There is a place, about eight miles southeast of the city, not far off the road to Smara. This road runs along a steep cliff over the valley of the dry river Saguia el-Hamra. Standing at the edge you see down below the little oasis of Lemseyd, with tufts of tall grass and date palms swaying in the wind. On the opposite side of the valley, the low buildings of a little settlement called Edchera and the ruins of the old Spanish garrison loom in the distance. Behind your back, meanwhile, extends a vast plain criss-crossed with low dunes. You might be surprised, but places in the desert also have names, even when they’re uninhabited. Sometimes those names are so old that no one remembers where they came from or what they mean. This place also has a name: Gdeim Izik.
Despite what you might think, there wasn’t anything special there. No legends connected to it, no symbols. Sand, gravel, and dunes just like anywhere else. Gdeim Izik was simply the place in the desert where people managed to pitch the first tents. Initially there were just a few, ten, twenty, but two days later they already numbered close to a hundred. Every day new ones appeared, one next to the other, along markers for alleys and crossings. Entire families poured in from the city, walking with bundles on their backs or in Land Rovers stuffed to the gills. Before long Sahrawis started arriving from Smara, Bojador, and even from faraway Dakhla. By mid-October about seven thousand tents had sprung up in Gdeim Izik, housing twenty thousand people.
The rumours reaching El Aaiún were vague and contradictory, so Hamza decided to go to Gdeim Izik and get a better idea of what was going on. He set out on foot with his younger brother Brahim and their friend Bachir Yaya. This was in the early days, when the tents were still counted in their hundreds, not in their thousands. And yet the Moroccan police had already erected barricades east of El Aaiún to block the Sahrawis’ constant stream. The police patrolled the city’s eastern districts as well as the exits towards Smara. Hamza, Brahim, and Bachir were asked to stop, too, but then the sentinels had to deal with a car attempting to get around the barricade, so the three young men simply walked out towards the desert. A few hours later they arrived at the expanding camp. The next day they returned with their khaimas. Bachir brought his entire family.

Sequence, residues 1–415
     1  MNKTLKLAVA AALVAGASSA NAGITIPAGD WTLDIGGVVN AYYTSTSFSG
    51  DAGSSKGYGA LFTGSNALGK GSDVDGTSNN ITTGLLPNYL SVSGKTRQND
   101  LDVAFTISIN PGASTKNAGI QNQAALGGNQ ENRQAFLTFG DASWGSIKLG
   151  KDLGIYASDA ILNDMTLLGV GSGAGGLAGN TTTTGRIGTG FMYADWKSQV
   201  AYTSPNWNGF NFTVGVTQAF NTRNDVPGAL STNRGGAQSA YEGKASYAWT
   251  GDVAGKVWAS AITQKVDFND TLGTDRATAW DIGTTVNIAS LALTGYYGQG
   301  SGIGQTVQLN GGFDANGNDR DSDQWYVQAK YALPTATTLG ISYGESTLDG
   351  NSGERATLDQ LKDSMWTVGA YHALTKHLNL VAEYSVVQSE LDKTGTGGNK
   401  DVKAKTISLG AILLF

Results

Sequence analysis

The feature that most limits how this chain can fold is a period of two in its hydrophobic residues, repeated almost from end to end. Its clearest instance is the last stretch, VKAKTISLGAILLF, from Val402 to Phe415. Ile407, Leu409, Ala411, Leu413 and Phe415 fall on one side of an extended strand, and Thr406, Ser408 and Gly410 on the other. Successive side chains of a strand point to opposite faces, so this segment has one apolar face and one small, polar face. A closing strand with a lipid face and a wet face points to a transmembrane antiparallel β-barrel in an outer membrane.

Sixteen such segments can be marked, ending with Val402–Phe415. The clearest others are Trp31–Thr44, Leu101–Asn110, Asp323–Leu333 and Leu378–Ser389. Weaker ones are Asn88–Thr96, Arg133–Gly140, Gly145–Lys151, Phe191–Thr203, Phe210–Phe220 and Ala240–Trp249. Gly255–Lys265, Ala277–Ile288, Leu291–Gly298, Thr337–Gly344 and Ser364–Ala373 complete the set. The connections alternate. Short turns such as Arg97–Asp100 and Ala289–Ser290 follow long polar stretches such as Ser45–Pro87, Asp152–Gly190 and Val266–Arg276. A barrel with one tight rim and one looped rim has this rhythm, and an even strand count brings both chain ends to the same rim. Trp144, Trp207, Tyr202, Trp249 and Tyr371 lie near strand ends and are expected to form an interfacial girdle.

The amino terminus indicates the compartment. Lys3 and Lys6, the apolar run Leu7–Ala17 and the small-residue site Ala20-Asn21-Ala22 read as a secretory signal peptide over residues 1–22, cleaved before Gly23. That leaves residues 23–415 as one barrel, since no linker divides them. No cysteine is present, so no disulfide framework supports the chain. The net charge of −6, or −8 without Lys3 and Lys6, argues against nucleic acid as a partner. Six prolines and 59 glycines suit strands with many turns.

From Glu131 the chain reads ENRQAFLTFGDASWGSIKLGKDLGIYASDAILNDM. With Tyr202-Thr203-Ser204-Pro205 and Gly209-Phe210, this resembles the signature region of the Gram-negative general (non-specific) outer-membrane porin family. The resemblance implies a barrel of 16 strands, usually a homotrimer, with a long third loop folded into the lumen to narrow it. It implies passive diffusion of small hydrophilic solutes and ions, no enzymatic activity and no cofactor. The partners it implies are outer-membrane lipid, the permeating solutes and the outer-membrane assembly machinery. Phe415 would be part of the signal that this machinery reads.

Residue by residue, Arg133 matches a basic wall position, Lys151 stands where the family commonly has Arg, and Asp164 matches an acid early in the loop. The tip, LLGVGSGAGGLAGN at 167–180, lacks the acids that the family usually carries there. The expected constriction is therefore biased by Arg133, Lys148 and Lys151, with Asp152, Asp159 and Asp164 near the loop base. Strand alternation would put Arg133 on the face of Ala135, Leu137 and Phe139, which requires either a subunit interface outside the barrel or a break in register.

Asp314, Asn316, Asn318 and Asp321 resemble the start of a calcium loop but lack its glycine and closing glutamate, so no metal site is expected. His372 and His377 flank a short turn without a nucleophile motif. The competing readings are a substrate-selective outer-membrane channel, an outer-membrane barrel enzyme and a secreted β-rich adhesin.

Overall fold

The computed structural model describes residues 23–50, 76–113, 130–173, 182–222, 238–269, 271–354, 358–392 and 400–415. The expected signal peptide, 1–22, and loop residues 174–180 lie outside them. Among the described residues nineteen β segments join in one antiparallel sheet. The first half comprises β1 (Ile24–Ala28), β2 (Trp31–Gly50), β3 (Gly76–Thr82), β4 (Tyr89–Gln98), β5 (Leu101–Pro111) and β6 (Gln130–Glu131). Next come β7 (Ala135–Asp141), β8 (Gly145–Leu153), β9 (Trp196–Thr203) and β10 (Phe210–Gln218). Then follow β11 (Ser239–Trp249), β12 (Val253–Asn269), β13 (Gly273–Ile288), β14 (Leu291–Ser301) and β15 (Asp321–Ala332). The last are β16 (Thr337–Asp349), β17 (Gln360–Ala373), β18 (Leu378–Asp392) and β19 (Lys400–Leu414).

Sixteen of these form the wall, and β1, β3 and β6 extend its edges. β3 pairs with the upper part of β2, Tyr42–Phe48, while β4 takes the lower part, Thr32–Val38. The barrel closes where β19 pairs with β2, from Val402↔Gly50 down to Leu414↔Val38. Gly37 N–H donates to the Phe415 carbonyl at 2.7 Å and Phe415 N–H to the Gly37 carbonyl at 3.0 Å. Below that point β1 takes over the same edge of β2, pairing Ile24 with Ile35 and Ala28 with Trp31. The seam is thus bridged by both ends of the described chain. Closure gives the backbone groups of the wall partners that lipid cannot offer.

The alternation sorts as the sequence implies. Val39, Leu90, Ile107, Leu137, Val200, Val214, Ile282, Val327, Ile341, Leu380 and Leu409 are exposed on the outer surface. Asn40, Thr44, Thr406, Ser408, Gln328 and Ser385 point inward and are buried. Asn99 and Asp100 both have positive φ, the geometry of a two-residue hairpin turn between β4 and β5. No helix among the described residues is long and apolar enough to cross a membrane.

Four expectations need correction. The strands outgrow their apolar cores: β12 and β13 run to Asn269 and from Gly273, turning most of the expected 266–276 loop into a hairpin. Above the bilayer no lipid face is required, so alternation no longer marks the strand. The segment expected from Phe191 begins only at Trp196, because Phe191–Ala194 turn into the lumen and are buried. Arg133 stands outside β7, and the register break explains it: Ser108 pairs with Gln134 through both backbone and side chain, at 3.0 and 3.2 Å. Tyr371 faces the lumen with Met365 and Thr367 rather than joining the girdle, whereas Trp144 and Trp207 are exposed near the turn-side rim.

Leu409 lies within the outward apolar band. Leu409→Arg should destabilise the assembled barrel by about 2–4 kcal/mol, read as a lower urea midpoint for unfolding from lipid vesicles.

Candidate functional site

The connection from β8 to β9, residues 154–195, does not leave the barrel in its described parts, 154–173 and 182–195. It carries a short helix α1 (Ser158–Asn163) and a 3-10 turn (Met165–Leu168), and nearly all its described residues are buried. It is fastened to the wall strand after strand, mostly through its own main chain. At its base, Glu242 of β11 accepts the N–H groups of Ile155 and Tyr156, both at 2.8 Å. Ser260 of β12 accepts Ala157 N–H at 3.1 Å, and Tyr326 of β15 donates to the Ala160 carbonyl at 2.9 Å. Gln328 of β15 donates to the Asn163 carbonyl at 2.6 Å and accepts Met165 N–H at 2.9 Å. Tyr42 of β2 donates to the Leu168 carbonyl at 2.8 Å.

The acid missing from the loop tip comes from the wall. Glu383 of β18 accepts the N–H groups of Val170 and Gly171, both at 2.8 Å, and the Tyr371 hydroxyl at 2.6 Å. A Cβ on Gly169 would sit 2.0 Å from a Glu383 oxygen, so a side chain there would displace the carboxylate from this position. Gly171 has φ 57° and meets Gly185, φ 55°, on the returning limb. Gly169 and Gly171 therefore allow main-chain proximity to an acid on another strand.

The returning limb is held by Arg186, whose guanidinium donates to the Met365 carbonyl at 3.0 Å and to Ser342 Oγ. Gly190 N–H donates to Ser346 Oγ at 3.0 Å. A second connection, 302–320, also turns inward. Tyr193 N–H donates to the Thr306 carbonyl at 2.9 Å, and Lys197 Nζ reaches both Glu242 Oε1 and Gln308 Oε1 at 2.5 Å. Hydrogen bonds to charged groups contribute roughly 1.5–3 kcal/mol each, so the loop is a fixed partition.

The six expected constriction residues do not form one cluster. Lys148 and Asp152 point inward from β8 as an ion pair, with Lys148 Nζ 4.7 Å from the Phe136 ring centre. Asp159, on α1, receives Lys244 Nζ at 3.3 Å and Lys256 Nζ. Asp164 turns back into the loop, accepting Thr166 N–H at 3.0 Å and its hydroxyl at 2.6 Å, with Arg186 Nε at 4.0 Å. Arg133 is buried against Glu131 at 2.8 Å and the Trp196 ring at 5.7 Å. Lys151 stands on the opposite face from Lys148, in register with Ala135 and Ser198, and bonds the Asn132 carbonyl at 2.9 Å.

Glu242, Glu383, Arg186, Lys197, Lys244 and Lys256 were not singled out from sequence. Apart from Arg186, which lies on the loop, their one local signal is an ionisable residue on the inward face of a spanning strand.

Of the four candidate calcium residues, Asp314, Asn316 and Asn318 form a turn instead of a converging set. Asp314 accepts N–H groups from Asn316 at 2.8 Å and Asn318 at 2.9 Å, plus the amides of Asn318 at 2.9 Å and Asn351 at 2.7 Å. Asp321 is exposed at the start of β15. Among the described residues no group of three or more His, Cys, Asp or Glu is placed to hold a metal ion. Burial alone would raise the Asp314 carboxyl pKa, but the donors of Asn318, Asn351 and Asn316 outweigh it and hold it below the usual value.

Four days after the first tents had been pitched on the plain of Gdeim Izik, on 14 October, the authorities of El Aaiún reluctantly began to negotiate with the protesters’ representatives. The Dialogue Committee set up by the Sahrawis was recognised and admitted to the table—something that had never happened before. A few days later Morocco’s Minister of Interior, Taïeb Cherkaoui, met the Committee in person. As during the First Sahrawi Intifada in 1999, the committee’s demands focused on social questions. The Moroccans stubbornly claimed that the local population had access to their natural resources and to jobs, and that respect for human rights was a norm in the Sahara, but in reality things were different. Sahrawis came last in line for jobs, housing, or benefits, and their children had limited access to education. Moroccans accounted for the great majority of workers in lucrative industries such as fishing or phosphate mining. Sahrawis never held any senior positions or higher offices, they were usually directed towards subordinate roles and manual jobs, and they were often paid less than their Moroccan colleagues. Someone quipped that whenever two cars collide, it’s always the Sahrawi’s fault, never mind the circumstances. On the day the negotiations began, unending columns of police vehicles, both light and heavy, arrived in the region of Gdeim Izik. Soon a dense cavalcade of white and dark blue police transporters formed in front of the camp, while a massive barricade wrapped in barbed wire sprung up near the entrance. One day, bulldozers assembled around the growing camp and encircled it with a seven-foot-tall earthwork, so that the only entrance was through the heavily guarded barricade. As the sinister ring tightened, the protesters were running out of time to attract the world’s attention. I asked Hamza what it was like in the camp, and after a moment of weighty silence he said: ‘Hang on, I must light up to tell you about that.’